The idea of a new Two-Face is an intriguing prospect that should have been utilized while Harvey was "healed" in the years between Hush and Face the Face. A new Two-Face shouldn't be a carbon copy of the original, but should rather be used to explore themes of duality, fate, and justice in ways that Harvey Dent can't (or shouldn't), while Harvey himself could have gone on to have much more interesting character development as a wild card antihero.

That was the last appearance of this Paul Sloane, but thanks to a wonderful gem by Ed Brubaker, we're not done with the character just yet.
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Today, let's look at the first appearance of the second--and most enduring--of the impostors: Paul Sloane!

Like Harvey Apollo, this Two-Face was originally an actor, and I can't help but think that the Apollo story influenced this one. But unlike that out-of-canon ham actor, the in-continuity Sloane was actually more of a method actor who got a little too deep in the role! Of all the in-canon impostors, Sloane is the only one who was genuinely scarred and snapped, rather than playing dress-up to frame Harvey.

In fact, Sloane's Two-Face may have affected Harvey's subsequent appearances more than we suspect! We already saw how Batman dressed up as Sloane dressing up like Harvey, and how Sloane was the first Two-Face who actually seemed to have fun being evil, all the way up to an image that damn well feels iconic:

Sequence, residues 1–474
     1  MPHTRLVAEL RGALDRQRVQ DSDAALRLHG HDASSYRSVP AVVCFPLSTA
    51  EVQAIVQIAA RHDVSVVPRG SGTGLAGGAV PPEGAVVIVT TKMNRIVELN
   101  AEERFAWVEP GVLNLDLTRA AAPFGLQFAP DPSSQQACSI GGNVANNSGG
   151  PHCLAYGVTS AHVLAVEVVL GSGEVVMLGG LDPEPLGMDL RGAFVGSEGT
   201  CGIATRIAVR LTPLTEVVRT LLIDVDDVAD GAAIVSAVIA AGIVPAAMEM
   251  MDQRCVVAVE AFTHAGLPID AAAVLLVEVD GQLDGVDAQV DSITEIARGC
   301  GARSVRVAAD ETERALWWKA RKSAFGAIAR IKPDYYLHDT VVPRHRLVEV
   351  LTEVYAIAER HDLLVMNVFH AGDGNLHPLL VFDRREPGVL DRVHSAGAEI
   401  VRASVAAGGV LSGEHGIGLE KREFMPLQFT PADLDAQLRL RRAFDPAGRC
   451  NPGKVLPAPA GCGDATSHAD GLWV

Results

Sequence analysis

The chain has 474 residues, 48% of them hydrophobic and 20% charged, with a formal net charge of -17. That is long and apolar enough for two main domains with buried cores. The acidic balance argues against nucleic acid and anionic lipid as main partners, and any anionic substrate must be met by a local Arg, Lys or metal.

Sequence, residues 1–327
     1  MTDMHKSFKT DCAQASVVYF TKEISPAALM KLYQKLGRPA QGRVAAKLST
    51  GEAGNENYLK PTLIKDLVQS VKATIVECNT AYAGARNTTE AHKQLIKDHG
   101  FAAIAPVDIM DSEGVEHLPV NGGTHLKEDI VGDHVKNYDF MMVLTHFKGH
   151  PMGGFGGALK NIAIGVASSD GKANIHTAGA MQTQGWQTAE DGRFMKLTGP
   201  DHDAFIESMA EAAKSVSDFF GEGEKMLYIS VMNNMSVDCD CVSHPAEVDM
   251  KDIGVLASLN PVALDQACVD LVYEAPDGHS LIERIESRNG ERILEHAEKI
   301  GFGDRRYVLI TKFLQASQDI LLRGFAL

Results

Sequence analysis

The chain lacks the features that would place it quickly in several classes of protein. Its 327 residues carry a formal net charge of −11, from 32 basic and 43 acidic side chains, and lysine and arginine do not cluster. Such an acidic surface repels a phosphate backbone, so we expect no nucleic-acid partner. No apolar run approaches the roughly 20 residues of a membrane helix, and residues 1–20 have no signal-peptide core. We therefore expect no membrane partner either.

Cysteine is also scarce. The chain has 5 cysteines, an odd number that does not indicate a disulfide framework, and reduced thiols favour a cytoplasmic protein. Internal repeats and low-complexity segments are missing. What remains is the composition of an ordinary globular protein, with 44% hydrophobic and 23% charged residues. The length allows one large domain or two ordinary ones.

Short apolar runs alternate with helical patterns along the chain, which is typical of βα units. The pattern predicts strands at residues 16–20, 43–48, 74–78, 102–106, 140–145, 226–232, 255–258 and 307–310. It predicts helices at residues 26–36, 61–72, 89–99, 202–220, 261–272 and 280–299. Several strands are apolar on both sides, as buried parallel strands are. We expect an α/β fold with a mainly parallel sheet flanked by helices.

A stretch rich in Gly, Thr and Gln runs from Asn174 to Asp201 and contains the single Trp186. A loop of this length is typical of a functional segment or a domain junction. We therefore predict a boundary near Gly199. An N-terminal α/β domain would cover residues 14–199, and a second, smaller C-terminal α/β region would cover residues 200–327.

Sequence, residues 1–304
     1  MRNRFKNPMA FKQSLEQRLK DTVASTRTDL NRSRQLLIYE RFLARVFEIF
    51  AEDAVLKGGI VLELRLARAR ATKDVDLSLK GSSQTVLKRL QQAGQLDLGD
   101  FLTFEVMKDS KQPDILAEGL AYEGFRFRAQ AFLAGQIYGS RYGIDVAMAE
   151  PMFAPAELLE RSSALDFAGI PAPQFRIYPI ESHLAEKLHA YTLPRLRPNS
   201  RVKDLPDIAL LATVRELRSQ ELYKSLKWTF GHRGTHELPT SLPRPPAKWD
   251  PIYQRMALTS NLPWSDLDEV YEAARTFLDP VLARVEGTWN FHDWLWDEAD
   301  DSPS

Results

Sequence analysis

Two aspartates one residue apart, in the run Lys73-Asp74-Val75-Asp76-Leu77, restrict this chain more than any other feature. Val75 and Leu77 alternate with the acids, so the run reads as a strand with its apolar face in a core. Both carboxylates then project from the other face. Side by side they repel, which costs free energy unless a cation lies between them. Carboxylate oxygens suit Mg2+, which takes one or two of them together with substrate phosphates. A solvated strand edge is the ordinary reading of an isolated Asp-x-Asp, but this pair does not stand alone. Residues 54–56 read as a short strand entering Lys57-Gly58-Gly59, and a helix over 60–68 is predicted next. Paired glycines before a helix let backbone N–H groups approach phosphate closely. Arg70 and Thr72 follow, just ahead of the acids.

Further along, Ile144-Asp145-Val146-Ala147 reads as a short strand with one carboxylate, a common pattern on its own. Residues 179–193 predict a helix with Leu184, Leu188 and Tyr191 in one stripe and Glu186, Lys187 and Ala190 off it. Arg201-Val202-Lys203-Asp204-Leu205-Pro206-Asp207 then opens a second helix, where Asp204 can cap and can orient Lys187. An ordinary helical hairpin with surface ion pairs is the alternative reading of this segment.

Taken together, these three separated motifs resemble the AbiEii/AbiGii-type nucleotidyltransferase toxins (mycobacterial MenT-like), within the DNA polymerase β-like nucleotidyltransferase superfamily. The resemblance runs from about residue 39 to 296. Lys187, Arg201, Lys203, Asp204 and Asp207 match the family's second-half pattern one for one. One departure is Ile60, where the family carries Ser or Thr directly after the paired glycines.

The greatest of the impostors, behind the cut! )
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Reading the Golden Age Two-Face stories (half of which featured impostors in the role!), though, I've noticed a trend that carried through through those versions of the character. The more I noticed it, the funnier I thought it was. I'd actually intended to let that pattern unfold here with each post, rather than make it explicit, to see how many others would see the pattern too.

That was the plan, anyway. Until I neglected to do the IMPOSTORAMA posts in order, and one after the other in a week. So instead, let's treat this like a Gotham night sky and throw a great being spotlight on this pattern, which will hopefully amuse you guys as much as it does a geek like me.

All Golden Age Two-Faces find it absolutely hilarious and fitting to escape on bikes.

No, really. All of them.

First, we have original Two-Face, Harvey Kent, in DETECTIVE COMICS #68:

Then, Harvey Dent's butler, Willis, pretending to be Two-Face to frame Harvey in BATMAN #50:

Next, Paul Sloane, the method actor who went insane after getting scarred while playing Harvey Dent in a TV movie, from BATMAN #68: